Teratogenic potential of pholedrine: A sympathomimetic vasoconstrictive drug - A population-based case-control study

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Abstract

Pholedrine was a frequently used drug for the treatment of severe hypotension in some countries, including Hungary. The possible teratogenic effect of pholedrine was not checked; therefore; the birth outcomes, particularly congenital abnormalities (CAs), of infants born to women treated with pholedrine during pregnancy, and pregnancy complications were evaluated in the population-based large dataset of the Hungarian Case-Control Surveillance System of Congenital Abnormalities. Cases with CA and their matched controls without CA born to mothers with pholedrine use during pregnancy were compared. Of 22 843 cases and 38 151 controls, 768 (3.4%) and 1509 (4.0%) were born to mothers with pholedrine treatment, respectively (adjusted odds ratios [OR] with 95% CI: 0.9, 0.8-1.0). There was no higher risk for any CA group in the offspring of mothers who used pholedrine during the second and/or third month of pregnancy (i.e. the critical period of most major CA). The mean gestational week at delivery and birthweight was similar in newborns of women with or without pholedrine treatment during pregnancy. The pattern of pregnancy complications was characteristic (lower incidence of preeclampsia/eclampsia, while higher incidence of severe nausea/vomiting and anemia), explained mainly by the underlying maternal hypotension. In conclusion, pholedrine treatment in pregnant women was not associated with a higher risk for CA or other adverse birth outcomes, such as preterm birth or low birthweight. The knowledge of the teratogenic potential of pholedrine may contribute to the evaluation of other sympathomimetic drugs.

Original languageEnglish
Pages (from-to)122-128
Number of pages7
JournalCongenital Anomalies
Volume50
Issue number2
DOIs
Publication statusPublished - 2010

Fingerprint

Sympathomimetics
Case-Control Studies
Population
Mothers
Pregnancy
Pregnancy Complications
Hypotension
Parturition
pholedrine
Eclampsia
Hungary
Incidence
Premature Birth
Therapeutics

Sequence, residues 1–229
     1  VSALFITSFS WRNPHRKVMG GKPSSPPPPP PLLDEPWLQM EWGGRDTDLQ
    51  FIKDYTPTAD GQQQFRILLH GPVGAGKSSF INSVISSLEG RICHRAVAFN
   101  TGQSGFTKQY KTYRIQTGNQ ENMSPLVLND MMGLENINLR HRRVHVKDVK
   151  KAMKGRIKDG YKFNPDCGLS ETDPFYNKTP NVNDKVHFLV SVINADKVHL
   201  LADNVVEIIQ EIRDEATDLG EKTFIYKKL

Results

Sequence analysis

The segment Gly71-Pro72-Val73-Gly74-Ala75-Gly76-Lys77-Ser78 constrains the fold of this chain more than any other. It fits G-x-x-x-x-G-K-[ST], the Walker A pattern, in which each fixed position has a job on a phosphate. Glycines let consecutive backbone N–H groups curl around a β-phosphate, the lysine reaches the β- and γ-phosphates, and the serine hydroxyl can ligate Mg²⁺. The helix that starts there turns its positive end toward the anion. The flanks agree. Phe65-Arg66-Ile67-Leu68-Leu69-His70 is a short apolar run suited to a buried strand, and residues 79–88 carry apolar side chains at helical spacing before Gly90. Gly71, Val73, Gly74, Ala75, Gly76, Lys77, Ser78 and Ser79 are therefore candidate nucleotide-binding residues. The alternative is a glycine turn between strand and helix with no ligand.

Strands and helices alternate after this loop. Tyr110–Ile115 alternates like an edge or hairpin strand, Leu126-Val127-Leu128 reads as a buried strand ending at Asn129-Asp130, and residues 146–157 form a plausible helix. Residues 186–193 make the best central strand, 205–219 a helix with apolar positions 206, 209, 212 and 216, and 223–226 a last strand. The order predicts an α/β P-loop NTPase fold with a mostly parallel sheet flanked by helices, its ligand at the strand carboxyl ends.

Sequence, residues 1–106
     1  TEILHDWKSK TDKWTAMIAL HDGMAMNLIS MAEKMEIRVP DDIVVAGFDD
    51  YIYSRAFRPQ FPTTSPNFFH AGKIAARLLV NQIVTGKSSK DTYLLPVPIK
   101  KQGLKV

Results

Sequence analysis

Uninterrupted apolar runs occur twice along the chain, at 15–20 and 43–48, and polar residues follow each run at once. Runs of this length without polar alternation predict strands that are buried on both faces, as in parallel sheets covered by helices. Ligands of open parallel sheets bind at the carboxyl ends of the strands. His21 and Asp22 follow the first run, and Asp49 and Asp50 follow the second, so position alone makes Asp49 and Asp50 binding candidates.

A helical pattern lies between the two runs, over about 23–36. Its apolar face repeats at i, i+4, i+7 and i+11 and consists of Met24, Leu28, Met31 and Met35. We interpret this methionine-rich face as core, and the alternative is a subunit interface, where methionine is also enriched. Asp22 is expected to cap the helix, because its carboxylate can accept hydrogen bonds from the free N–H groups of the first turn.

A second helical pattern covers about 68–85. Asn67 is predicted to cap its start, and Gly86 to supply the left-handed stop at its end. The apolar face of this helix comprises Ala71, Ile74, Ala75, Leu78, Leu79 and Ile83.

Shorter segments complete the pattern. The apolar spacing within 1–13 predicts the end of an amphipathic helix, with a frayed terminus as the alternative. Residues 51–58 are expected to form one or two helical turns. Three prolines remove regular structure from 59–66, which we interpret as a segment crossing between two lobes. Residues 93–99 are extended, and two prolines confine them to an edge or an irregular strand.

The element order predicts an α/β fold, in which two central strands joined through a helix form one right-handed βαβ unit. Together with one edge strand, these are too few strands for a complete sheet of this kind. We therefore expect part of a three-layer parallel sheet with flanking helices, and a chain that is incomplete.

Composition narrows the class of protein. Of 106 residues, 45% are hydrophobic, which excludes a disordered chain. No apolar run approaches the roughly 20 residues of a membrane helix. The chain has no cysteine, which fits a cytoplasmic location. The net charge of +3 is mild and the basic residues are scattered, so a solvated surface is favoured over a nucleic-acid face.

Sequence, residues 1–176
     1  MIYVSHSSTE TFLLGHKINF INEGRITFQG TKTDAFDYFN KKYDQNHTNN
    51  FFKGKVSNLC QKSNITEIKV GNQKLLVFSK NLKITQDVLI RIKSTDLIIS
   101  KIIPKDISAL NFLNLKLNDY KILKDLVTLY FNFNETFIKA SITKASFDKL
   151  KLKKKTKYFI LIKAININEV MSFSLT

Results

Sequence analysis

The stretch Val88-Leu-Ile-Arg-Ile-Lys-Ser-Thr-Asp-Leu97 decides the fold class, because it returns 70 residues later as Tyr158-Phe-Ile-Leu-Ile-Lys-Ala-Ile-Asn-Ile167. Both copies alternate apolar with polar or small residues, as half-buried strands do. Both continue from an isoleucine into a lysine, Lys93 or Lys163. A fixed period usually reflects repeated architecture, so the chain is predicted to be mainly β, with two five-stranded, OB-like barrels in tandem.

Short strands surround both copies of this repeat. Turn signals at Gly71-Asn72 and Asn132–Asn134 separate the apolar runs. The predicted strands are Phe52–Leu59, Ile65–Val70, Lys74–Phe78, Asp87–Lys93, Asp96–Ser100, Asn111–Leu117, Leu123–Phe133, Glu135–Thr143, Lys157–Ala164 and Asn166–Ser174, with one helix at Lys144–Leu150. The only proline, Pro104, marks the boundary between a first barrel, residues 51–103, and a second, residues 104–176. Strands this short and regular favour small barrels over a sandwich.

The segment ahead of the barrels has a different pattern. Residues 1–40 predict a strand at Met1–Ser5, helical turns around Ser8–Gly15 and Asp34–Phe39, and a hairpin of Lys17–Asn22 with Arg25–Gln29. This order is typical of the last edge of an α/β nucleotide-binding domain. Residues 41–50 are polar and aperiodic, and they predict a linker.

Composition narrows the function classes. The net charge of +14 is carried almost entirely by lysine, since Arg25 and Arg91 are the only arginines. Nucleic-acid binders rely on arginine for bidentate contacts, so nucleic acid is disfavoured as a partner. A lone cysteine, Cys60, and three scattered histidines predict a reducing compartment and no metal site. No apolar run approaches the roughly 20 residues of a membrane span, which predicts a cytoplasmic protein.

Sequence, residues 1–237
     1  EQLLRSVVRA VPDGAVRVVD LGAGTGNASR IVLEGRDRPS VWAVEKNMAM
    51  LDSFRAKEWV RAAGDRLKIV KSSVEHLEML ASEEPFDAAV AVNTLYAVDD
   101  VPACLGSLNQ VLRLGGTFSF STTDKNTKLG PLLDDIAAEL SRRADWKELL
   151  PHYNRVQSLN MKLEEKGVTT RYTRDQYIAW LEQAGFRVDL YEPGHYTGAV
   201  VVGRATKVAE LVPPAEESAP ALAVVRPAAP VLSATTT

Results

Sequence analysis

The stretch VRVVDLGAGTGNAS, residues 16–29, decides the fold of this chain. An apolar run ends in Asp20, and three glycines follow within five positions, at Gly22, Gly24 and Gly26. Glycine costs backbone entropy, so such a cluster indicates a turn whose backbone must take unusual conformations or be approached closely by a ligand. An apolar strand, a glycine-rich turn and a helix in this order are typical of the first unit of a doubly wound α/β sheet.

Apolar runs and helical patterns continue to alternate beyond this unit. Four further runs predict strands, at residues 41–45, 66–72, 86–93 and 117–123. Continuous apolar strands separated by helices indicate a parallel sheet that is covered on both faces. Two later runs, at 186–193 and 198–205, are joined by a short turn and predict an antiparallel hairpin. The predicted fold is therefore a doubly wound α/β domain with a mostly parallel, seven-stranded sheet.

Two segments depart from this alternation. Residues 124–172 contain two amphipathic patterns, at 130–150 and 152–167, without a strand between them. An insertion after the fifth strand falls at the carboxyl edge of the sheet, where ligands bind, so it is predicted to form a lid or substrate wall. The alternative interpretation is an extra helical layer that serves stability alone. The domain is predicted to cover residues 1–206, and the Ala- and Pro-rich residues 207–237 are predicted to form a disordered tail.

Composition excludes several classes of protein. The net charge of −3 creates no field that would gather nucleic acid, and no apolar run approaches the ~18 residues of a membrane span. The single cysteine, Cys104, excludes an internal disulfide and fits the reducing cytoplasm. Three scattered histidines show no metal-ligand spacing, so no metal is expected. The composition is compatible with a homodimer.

Pre-Eclampsia
Nausea
Vomiting
Anemia
Pregnant Women
Odds Ratio

Keywords

  • Birth outcome
  • Congenital abnormality
  • Maternal hypotension
  • Pholedrine
  • Population-based case-control study
  • Pregnancy

ASJC Scopus subject areas

  • Developmental Biology
  • Pediatrics, Perinatology, and Child Health
  • Embryology
  • Medicine(all)

Cite this

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title = "Teratogenic potential of pholedrine: A sympathomimetic vasoconstrictive drug - A population-based case-control study",
abstract = "Pholedrine was a frequently used drug for the treatment of severe hypotension in some countries, including Hungary. The possible teratogenic effect of pholedrine was not checked; therefore; the birth outcomes, particularly congenital abnormalities (CAs), of infants born to women treated with pholedrine during pregnancy, and pregnancy complications were evaluated in the population-based large dataset of the Hungarian Case-Control Surveillance System of Congenital Abnormalities. Cases with CA and their matched controls without CA born to mothers with pholedrine use during pregnancy were compared. Of 22 843 cases and 38 151 controls, 768 (3.4{\%}) and 1509 (4.0{\%}) were born to mothers with pholedrine treatment, respectively (adjusted odds ratios [OR] with 95{\%} CI: 0.9, 0.8-1.0). There was no higher risk for any CA group in the offspring of mothers who used pholedrine during the second and/or third month of pregnancy (i.e. the critical period of most major CA). The mean gestational week at delivery and birthweight was similar in newborns of women with or without pholedrine treatment during pregnancy. The pattern of pregnancy complications was characteristic (lower incidence of preeclampsia/eclampsia, while higher incidence of severe nausea/vomiting and anemia), explained mainly by the underlying maternal hypotension. In conclusion, pholedrine treatment in pregnant women was not associated with a higher risk for CA or other adverse birth outcomes, such as preterm birth or low birthweight. The knowledge of the teratogenic potential of pholedrine may contribute to the evaluation of other sympathomimetic drugs.",